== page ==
Harp strap advice

  • Participant
    Allison Stevick on #197049

    Hi all,

    I am looking for a leather guitar (or bass) strap to use with my Brittany harp, and was wondering how wide a strap I should get. Does anyone else here use a strap with their lap harps? I am inclined to go as wide as I can, for better shoulder comfort, but I also don’t want to buy a bigger (& more expensive) strap “just because” without first hearing some other people’s thoughts. I’m going back and forth between 2.5″ and 3.5″ wide.

    Any opinions?

    Member
    czenzilee on #197054

    I pretty much only use a strap with my little harp even though I own knee bones. My strap is 2″ wide and is fine for practicing for me. I’m fairly tall and broad shouldered for a woman if that matters to you. My harp is a couple pounds lighter than a Brittany.

    I might want something better if I ever performed or was planning on really long practice sessions. I’d also probably look to make sure that the leather around the holes is firm so that the strap doesn’t pop off the harp and that the adjustable part holds firm as well. More than anything, that’s what I’ve noticed with mine.

    Participant
    Allison Stevick on #197055

    Thank you for your input! That’s helpful. 🙂 I think I will go with strap locks so I won’t have to worry about it popping off the buttons.

    Participant
    randal on #197056

    Don’t know what you have in mind Allison, but – many harpers in clinical settings use straps – as small harps are very effective for bedside playing…and you wouldn’t want it falling out/on to a patient if doing bed-side work (so strap button locks WOULD be good! ; )

    I’ve not used strap for harp.  But I play other insttuments that use straps (viz, saxophones, bass clarinet, accordians): the stability provided by a harness (such as deployed with a baritone saxophone) or the double shoulder straps of accordians is really an asset.

    Participant
    Allison Stevick on #197060

    Thanks, Randal!

    I mostly just want to be able to stand up to play (like I do with my larger harp) and also not have to always worry about having a chair or stool to rest it on while I sit to play.

    By harness, do you mean something like what Deborah Henson Conant uses? I could see that being helpful.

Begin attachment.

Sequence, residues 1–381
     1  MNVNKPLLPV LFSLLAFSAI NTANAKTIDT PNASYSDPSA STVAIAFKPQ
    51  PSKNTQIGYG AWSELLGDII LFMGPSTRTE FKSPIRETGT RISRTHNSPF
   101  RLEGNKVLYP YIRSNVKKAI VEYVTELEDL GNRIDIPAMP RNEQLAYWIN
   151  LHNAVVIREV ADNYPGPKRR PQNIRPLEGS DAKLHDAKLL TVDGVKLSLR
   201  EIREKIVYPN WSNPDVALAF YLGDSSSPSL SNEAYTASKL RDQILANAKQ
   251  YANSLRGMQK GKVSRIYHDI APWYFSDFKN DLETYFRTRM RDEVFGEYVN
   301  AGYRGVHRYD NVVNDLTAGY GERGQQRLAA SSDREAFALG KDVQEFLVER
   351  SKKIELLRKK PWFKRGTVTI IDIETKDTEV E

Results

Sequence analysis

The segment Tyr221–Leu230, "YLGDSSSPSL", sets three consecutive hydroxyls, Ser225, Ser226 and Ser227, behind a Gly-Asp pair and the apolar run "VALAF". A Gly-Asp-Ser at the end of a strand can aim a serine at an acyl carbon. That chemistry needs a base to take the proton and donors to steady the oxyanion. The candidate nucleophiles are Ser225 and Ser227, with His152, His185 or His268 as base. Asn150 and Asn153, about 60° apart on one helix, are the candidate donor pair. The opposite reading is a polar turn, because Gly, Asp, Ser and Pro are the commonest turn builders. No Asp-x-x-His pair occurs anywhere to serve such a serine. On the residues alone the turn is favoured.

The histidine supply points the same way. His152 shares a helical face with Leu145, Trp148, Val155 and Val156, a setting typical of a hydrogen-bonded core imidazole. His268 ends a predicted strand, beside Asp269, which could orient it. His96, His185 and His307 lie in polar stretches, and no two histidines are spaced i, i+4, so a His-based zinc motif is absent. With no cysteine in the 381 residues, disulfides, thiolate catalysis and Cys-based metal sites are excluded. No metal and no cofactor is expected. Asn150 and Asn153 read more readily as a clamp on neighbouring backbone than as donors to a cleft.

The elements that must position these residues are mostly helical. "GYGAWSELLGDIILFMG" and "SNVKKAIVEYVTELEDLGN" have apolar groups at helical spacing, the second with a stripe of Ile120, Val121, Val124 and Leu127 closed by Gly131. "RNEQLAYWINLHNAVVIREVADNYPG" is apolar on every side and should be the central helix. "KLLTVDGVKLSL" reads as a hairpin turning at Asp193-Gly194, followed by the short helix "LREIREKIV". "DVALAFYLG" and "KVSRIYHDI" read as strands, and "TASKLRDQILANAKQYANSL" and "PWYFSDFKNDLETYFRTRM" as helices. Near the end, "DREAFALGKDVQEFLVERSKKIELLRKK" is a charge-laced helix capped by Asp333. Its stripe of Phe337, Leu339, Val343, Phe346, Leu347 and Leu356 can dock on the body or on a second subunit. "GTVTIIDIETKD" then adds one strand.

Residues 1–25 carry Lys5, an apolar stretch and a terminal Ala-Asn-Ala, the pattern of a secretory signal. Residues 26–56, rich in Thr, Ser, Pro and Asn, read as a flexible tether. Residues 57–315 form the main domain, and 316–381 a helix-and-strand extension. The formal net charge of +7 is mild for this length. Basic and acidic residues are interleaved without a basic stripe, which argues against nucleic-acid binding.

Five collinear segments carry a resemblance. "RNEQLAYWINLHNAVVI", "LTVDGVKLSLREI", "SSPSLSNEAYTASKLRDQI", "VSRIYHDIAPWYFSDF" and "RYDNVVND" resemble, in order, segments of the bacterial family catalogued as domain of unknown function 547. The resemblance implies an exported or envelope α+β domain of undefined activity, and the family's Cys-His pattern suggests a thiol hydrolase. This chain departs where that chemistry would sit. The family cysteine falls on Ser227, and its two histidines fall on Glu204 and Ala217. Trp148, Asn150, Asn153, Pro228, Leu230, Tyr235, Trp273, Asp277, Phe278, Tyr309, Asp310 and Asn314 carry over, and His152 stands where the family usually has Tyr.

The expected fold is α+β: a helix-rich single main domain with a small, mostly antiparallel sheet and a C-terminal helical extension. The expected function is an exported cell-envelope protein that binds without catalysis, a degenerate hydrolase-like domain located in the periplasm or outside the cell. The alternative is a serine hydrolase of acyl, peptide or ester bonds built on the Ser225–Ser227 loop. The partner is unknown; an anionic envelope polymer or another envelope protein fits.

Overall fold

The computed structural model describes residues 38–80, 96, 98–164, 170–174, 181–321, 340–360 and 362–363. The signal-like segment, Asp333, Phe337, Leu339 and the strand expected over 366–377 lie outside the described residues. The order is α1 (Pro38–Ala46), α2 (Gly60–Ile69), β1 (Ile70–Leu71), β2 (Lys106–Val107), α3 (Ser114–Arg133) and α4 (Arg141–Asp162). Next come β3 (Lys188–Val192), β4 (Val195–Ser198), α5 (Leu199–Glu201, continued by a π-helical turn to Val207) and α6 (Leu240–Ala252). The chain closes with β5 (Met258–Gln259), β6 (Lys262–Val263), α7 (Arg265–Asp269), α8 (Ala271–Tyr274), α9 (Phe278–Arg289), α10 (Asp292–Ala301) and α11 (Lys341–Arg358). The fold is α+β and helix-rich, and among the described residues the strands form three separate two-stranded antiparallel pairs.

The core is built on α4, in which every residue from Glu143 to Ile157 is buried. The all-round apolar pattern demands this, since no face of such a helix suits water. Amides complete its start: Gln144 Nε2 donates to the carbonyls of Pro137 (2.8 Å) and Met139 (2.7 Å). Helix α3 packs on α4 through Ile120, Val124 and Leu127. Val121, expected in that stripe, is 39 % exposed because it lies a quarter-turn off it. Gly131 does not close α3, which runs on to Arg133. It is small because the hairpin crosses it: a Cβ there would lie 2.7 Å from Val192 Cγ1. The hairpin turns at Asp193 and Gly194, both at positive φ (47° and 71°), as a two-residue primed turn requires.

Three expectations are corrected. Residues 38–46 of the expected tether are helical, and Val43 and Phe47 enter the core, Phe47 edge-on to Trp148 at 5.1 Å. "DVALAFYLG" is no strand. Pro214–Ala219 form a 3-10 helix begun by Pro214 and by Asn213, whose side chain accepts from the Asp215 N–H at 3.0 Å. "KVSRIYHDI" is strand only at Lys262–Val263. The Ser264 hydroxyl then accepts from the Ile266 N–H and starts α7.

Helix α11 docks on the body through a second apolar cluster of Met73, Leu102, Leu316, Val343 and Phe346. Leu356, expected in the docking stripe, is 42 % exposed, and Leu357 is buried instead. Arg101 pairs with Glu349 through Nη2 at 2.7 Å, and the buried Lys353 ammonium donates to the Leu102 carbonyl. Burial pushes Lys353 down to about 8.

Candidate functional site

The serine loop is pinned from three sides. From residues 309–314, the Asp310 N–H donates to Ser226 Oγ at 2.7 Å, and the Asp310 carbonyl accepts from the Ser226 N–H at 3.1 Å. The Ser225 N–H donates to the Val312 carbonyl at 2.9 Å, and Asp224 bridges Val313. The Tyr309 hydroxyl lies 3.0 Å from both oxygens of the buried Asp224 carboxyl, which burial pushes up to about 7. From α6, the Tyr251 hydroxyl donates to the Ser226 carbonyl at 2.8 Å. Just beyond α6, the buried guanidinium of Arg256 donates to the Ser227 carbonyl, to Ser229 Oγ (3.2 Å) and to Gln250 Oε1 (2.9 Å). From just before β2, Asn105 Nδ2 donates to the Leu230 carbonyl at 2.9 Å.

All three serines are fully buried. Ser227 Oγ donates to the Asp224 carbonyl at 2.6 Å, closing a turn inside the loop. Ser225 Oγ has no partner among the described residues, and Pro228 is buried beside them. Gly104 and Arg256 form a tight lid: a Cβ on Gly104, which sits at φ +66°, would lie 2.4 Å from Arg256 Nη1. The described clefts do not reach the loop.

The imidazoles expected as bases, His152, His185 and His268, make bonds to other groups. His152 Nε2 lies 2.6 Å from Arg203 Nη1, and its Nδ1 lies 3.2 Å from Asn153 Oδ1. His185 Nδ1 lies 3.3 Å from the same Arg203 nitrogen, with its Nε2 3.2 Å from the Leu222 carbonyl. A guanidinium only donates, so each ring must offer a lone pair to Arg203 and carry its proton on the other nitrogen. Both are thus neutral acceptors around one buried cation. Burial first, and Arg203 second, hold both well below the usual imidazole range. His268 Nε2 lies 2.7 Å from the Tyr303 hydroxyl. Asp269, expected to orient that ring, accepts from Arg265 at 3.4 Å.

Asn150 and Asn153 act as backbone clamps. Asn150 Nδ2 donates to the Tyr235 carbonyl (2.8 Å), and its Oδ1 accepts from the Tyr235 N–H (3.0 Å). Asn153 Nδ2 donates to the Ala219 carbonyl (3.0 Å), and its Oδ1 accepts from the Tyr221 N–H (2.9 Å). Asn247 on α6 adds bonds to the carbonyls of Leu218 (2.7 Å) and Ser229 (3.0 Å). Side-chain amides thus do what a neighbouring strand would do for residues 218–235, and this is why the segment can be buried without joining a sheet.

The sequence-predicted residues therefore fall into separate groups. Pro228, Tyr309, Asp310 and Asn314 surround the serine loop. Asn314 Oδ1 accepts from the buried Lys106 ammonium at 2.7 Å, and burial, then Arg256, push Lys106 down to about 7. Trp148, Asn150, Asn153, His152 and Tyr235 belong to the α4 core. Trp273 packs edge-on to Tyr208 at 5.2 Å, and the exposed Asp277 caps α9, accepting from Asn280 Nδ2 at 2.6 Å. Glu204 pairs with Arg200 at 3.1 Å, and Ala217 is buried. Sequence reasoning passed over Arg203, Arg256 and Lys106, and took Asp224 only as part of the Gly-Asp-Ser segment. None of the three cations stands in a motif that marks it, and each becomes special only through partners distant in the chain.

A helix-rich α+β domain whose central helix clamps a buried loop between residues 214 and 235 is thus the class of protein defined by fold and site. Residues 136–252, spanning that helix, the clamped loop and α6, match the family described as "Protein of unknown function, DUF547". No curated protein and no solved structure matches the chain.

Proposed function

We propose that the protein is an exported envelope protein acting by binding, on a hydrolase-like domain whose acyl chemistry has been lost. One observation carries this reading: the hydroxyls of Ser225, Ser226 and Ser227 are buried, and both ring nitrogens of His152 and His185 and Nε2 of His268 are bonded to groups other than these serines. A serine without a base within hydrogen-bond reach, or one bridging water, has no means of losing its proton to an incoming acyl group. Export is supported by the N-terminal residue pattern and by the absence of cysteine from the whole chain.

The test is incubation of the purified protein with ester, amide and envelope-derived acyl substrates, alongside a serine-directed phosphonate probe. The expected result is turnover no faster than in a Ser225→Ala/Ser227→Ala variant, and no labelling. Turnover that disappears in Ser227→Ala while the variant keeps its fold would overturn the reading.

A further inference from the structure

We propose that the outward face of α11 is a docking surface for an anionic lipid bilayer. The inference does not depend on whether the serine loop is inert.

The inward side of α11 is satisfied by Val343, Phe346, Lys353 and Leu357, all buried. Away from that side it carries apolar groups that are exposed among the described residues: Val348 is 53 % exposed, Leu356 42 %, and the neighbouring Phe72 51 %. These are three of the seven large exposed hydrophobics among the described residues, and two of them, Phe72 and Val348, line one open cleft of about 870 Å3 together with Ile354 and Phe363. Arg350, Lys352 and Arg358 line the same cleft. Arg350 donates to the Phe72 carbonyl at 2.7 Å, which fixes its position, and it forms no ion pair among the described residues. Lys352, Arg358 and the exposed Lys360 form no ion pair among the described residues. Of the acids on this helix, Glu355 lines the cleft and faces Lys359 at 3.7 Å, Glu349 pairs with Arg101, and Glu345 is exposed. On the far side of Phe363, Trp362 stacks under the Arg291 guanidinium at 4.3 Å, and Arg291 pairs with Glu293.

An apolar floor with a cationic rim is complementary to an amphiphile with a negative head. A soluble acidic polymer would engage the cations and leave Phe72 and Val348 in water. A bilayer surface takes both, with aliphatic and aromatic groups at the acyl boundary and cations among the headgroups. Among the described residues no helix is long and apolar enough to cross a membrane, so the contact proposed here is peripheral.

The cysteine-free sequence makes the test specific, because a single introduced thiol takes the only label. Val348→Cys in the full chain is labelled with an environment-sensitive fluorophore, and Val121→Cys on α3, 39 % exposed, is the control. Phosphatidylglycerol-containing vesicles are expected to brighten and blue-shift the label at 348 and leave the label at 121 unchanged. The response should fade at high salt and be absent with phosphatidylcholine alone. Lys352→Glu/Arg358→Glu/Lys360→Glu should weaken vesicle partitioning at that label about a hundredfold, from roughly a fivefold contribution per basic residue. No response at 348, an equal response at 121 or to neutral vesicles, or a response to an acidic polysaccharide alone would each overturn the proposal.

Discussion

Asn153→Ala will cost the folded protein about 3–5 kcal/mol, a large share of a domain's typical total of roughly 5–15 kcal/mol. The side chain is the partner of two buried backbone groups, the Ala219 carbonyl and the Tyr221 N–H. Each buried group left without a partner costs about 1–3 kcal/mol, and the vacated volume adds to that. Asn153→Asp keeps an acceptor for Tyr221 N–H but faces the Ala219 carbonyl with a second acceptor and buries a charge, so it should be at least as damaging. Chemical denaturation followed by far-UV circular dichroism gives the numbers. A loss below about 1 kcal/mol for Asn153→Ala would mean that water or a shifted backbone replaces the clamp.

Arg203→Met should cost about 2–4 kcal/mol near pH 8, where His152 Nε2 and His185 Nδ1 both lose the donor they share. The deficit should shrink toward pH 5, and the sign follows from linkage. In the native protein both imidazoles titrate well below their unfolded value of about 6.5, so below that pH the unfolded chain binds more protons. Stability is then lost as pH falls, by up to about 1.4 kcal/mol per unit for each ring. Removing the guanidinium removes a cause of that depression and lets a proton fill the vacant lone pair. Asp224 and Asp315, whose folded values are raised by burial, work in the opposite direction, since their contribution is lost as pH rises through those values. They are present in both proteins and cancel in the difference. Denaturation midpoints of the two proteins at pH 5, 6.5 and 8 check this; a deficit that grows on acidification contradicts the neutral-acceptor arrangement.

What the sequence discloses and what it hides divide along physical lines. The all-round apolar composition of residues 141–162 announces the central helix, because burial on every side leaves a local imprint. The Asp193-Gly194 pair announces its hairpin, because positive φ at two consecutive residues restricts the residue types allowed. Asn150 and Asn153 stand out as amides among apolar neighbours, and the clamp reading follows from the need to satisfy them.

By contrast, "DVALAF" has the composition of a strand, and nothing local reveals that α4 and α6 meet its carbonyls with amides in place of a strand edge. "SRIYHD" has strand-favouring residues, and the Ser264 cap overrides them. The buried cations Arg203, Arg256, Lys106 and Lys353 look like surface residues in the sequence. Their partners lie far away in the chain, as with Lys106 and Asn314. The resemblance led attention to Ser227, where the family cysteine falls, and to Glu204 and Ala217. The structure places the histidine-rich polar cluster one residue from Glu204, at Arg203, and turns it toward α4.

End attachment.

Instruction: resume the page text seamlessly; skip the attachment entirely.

Participant
    randal on #197063

    Ah well there you go!

    You’ve a carbon harp Allison – that’s the way to go!  Can’t go wrong there –

    Member
    Elettaria on #197065

    Could you take the harp into a guitar shop with a good range and try a few straps out?

    Participant
    Allison Stevick on #197069

    Good idea, Elettaria. 🙂 I totally would do that if there were a shop close enough to me.

    Participant
    Biagio on #197072

    I’ve had the best experience with a harness such as Randal suggested, but had to make it since I did not want to spring for Camac’s.  It was essentially the kind of thing that a flag bearer wears: crossed over the shoulder straps (kinda like suspenders) that tie in to your belt, with two additional straps – one goes around the knee block and the other to the pillar.  Velcro is sufficient.  Honestly though I don’t much like standing since I have scoliosis (curvature of the spine).

    A wide heavy guitar strap is definitely the way to go I’d think, preferably leather.  One person around here made it herself: just picked up a long belt at a thrift store (the dude must have been pretty chubby), cut it in half and added button slits at the cut ends.  She probably had to punch a few additional holes for the buckle.

    Biagio

    Participant
    Allison Stevick on #197075

    Thanks, Biagio! Yeah, I’ll probably go with a guitar strap, though I can see the real benefits of a harness. I’m not going to be wild or playing for reeeeeally long periods with the strap, so I just need to decide how wide to get.

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